A number of recent publications have extoled the virtues of internal audit having a seat at the management table. I don’t agree. I think that a seat at the table for the Chief Audit Executive would probably be the worst place to be. We need to be in the room, but probably sitting on top of the radiator, listening to the conversation, and on a regular basis raising a finger and saying the sacred words, “Yes, but …”
The curse of the “trusted business advisor”
Becoming the trusted business advisor has been a fad for a lot of consulting and advisory organizations for the past 20 years. I know, I’ve had to hear the mantra many times in my years at the other side of the table. I’ve been a consultant. The problem is that it’s a mantra. When asked as to the why, the answer always turns out to be: “to sell more work.”
Anyone speaking about trust without being invited to do so automatically deserves my distrust. I may be cynical, but I’m an internal auditor. I was bred that way.
Let’s revisit the definition of internal auditing:
Internal auditing is an independent, objective assurance and consulting activity designed to add value and improve an organization’s operations. It helps an organization accomplish its objectives by bringing a systematic, disciplined approach to evaluate and improve the effectiveness of risk management, control, and governance processes.
I can’t help but notice that the fifth word of that definition is “independent”. Independence, of course, serves a purpose. I’ve written about that in the past. Independence aims to ensure the highest possible objectivity. And in order to be able to be objective, you need to develop at least some distance to activities of the management team.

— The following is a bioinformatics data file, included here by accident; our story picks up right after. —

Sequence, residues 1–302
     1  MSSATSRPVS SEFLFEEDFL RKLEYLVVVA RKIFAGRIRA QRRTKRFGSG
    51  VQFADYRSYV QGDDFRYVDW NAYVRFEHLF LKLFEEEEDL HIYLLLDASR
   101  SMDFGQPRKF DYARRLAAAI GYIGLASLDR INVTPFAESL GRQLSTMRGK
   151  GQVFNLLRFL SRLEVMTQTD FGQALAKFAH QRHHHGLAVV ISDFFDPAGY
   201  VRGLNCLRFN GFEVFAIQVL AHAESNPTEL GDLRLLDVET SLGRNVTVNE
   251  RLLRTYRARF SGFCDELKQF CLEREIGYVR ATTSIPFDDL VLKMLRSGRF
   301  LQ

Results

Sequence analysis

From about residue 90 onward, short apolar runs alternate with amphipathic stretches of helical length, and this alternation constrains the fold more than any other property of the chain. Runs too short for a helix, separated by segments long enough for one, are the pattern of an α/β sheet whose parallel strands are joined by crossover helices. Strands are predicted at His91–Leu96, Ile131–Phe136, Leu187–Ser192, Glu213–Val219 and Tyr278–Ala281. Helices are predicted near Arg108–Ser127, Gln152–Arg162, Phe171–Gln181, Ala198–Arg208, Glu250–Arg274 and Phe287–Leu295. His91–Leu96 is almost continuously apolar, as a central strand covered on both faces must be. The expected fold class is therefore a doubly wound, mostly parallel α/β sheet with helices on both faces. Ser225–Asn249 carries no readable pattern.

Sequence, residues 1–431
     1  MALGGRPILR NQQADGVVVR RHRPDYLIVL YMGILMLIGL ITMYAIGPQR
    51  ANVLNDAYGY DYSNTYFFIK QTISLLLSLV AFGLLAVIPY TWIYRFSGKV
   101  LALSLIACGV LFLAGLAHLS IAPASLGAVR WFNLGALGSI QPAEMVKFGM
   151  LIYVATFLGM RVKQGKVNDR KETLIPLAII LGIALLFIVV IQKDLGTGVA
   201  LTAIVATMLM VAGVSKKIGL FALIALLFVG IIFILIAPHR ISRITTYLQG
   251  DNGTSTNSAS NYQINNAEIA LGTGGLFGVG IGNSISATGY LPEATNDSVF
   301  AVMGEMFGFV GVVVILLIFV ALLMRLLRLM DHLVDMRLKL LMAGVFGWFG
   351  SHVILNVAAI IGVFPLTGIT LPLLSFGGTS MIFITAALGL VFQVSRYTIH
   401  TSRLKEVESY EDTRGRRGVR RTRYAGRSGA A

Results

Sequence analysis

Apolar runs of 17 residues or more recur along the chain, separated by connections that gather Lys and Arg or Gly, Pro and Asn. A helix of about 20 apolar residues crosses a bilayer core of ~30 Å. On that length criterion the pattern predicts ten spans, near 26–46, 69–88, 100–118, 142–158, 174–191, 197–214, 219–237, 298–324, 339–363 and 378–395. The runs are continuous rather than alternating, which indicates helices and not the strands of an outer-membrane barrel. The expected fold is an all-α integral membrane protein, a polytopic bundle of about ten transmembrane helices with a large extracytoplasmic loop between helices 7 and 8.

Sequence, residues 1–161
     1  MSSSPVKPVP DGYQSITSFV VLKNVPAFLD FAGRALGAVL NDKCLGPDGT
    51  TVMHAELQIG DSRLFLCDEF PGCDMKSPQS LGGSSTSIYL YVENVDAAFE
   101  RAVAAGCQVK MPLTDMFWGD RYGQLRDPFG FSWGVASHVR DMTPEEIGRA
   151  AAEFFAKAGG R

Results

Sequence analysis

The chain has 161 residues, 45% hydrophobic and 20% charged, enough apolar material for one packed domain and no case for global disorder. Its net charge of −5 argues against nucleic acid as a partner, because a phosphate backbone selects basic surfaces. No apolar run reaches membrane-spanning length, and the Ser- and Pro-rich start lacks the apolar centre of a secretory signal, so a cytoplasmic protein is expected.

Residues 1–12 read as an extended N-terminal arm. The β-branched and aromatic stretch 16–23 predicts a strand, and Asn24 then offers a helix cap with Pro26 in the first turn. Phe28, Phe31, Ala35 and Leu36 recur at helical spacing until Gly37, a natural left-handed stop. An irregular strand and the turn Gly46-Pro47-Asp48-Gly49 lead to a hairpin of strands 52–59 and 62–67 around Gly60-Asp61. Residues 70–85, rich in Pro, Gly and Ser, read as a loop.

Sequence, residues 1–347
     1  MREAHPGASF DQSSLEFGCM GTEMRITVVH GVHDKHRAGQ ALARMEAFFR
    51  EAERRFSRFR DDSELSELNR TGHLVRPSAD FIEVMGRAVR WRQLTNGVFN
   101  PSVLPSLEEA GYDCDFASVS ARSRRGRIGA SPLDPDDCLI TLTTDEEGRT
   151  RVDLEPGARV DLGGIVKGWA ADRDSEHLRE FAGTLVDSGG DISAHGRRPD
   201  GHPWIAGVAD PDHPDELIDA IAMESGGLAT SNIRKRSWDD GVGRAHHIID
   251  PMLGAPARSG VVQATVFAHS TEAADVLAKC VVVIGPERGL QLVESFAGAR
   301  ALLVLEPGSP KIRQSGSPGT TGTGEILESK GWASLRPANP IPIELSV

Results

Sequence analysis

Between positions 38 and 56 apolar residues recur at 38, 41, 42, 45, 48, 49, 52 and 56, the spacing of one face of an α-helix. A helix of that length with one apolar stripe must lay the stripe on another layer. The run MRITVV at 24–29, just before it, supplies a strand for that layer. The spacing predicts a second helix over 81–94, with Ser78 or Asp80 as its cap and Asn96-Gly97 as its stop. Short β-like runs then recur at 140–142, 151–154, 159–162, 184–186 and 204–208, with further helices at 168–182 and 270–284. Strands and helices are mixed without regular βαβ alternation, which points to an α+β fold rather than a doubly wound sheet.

I also note the word evaluate which again implies the ability to look at something from a certain distance, without being to distant not to be able to observe it at all (see my rants about where internal audit should be positioned in the Belgian federal government, for example).
Our role, extended
There is another role we have as internal audit, which I have yet to see formalized in the definition. But perhaps I’m reading it wrong. For me, an essential role of internal audit is the following:
As an evaluator of risk management, control and governance processes, we need to be the moral compass of the organization and its management team in a world where competitive and other pressures push relentlessly on the individuals making up such a team.
Where we need to be
I believe we do not need a seat at the table, no matter how enticing it may be for some of us. Getting a seat at the table means sharing the warmth of companionship of your peers which you work with every day. But you’re the auditor, they’re the management. It also means that you may be to close to be able to evaluate objectively. This is called parallax, and it’s an issue in measurement.
However, we do need to be in the room. Perhaps we should be, as I said before, not at the table, but off to the side, sitting on top of the radiator, listening to the conversation, respectfully pointing out where true North is if it tends to get lost.